Absinthe is an emerald green liqueur flavoured with extracts of green anise, Florence fennel and wormwood – a combination sometimes known as the ‘holy trinity’. The medical use of wormwood dates back to antiquity and it is mentioned in the Ebers Papyrus, the oldest preserved medical document. The first evidence of absinthe in the modern sense of a distilled spirit dates to the 18th century.
The exact origins of the drink are unknown. It is often held that Dr. Pierre Ordinaire, a French doctor living in Couvet, Switzerland, developed the recipe circa 1792. In 1797, the first absinthe distillery was opened by Henri Louis Pernod. The drink went on to achieve great popularity in late 19th and early 20th-century France. It became so popular in bars, bistros, cafés, and cabarets that by the 1860s the hour of 5pm was called the green hour (l’heure verte). By 1910, the French were drinking 36million litres of absinthe per year. Celebrated drinkers of absinthe were Charles Baudelaire, Edouard Manet, Edgar Degas, Vincent Van Gogh, Oscar Wilde and Henri de Toulouse-Lautrec.
Owing in part to this association with bohemian culture, consumption of absinthe was opposed by social conservatives and prohibitionists. Absinthe was portrayed as a dangerously addictive psychoactive drug. It was blamed for a variety of diseases and a syndrome – ‘absinthism’ – was identified. After consuming absinthe, at first the user would have a feeling of well-being but later hallucinations would arise followed by a depressive phase. Prolonged drinking of absinthe caused convulsions, blindness, hallucinations, and mental deterioration. In the syndrome’s advanced state signs of degeneration could be observed which could cause convulsions resulting in death.
The chemical thujone, present in small quantities and deriving from wormwood oil, was blamed for these alleged harmful and hallucinogenic effects. This was based on observations such as those published by Jacques Joseph Valentin Magnan (1835-1916). Magnan exposed various mammals to the vapours of either wormwood oil or alcohol. He reported in 1874 that the animals inhaling the alcohol vapours got drunk, whilst those that inhaled the vapours of wormwood had a heightened risk of epileptic seizures.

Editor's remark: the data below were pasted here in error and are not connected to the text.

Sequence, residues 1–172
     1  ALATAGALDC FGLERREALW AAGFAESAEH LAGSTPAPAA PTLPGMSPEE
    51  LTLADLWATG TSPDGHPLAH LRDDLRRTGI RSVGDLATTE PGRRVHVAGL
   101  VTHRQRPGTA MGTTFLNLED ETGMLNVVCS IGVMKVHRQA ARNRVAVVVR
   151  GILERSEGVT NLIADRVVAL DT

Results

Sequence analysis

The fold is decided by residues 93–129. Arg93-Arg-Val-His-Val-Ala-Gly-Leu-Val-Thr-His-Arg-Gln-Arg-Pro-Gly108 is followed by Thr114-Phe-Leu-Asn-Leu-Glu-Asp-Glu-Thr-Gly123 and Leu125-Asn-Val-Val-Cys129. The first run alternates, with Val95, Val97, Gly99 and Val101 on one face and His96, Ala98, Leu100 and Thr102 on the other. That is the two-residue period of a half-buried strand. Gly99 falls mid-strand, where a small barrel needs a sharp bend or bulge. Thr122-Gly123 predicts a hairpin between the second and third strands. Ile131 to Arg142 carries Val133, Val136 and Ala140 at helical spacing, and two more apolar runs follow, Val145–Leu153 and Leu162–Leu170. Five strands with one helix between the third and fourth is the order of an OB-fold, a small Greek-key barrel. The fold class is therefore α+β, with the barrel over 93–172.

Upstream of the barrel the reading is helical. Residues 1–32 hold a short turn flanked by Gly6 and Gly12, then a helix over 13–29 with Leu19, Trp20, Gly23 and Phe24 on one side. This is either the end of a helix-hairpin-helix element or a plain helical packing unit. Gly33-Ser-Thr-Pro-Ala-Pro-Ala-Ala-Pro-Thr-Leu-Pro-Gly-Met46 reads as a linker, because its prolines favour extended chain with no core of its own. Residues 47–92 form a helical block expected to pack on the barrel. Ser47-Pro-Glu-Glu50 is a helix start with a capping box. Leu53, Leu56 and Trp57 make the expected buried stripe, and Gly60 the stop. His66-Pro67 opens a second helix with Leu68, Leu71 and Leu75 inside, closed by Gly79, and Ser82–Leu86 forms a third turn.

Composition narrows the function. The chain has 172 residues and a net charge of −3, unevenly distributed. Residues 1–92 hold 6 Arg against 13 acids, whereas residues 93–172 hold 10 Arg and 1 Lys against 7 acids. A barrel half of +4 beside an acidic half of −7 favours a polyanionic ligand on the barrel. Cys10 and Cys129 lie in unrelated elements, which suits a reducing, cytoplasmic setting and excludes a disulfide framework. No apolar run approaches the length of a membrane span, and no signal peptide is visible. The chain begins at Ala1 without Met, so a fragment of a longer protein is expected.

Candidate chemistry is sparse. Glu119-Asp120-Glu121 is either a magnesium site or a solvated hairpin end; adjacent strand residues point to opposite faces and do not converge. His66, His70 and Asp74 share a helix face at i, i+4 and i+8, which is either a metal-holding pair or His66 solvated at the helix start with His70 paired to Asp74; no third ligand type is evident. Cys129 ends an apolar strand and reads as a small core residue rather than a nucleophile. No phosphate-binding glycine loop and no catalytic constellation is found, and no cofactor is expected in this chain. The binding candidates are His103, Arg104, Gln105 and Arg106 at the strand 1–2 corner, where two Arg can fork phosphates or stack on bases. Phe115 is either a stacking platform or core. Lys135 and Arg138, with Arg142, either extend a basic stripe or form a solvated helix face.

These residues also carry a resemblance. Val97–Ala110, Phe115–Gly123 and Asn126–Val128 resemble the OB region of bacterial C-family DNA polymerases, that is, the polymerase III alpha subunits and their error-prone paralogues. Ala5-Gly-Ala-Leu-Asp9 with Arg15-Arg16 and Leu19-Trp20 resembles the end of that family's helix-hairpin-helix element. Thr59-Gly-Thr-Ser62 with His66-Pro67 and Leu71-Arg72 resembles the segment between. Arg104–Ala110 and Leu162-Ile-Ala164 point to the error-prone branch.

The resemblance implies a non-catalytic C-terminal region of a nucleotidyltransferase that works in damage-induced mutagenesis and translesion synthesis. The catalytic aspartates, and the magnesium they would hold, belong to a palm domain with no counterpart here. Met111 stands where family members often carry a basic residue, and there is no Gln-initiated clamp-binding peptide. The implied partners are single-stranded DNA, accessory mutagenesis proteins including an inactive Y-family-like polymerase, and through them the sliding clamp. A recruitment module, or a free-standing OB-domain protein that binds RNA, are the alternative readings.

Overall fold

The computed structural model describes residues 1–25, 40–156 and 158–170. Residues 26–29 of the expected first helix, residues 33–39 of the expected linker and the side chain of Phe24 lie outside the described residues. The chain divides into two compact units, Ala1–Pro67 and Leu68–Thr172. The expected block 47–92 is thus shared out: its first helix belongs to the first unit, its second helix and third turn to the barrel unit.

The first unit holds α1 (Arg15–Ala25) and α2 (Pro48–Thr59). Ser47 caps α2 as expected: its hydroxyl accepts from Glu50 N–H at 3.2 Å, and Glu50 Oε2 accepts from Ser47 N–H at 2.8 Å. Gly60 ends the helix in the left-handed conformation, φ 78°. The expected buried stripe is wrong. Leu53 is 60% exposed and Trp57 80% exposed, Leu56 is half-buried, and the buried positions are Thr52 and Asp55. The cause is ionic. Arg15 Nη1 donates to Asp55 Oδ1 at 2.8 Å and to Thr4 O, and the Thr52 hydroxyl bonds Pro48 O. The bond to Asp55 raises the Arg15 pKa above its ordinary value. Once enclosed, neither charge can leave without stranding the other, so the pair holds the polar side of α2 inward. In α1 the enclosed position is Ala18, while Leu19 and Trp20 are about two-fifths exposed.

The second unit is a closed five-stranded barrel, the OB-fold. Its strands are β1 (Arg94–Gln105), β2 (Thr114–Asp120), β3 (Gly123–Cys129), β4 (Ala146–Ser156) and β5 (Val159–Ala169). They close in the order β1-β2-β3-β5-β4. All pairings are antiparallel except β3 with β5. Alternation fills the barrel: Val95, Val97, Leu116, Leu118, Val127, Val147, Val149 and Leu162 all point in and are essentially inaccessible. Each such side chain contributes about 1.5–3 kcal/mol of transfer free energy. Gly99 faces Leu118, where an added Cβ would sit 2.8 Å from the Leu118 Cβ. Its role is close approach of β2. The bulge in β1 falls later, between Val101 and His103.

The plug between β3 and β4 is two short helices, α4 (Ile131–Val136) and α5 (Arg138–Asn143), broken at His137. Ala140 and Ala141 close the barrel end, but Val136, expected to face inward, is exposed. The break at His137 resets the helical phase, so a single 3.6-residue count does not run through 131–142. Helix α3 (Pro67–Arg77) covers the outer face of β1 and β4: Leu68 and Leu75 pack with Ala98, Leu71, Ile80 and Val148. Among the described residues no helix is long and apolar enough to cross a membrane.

By 1915, absinthe had been banned in the United States and in most European countries including France, The Netherlands, Belgium, Switzerland and the Austro-Hungarian Empire. This ban remained largely in place for most of the last century. However many of bans have recently been lifted without any noticeable effects on public health. Absinthe was never banned in the UK and consumption here has always been comparatively low.
The evidence for the true existence of absinthism now looks shaky. It has been suggested that the absolute amounts of thujone in absinthe are so small that its effects are overshadowed by those of ethanol and that it is not possible to distinguish the symptoms of absinthism from those of chronic alcohol abuse. By this reading the hallucinations attributed to absinthism are more properly attributed to either alcoholic hallucinosis or alcohol withdrawal delirium. A further possibility is that the effects reported in the 19th century are not connected with alcohol or to thujone but to the inexpensive toxins, such as copper sulphate, present in cheap absinthe imitations which aimed to mimic the real drink’s characteristic green colour.
Absinthism: a fictitious 19th century syndrome with present impact – everything you could want to know about this (and more)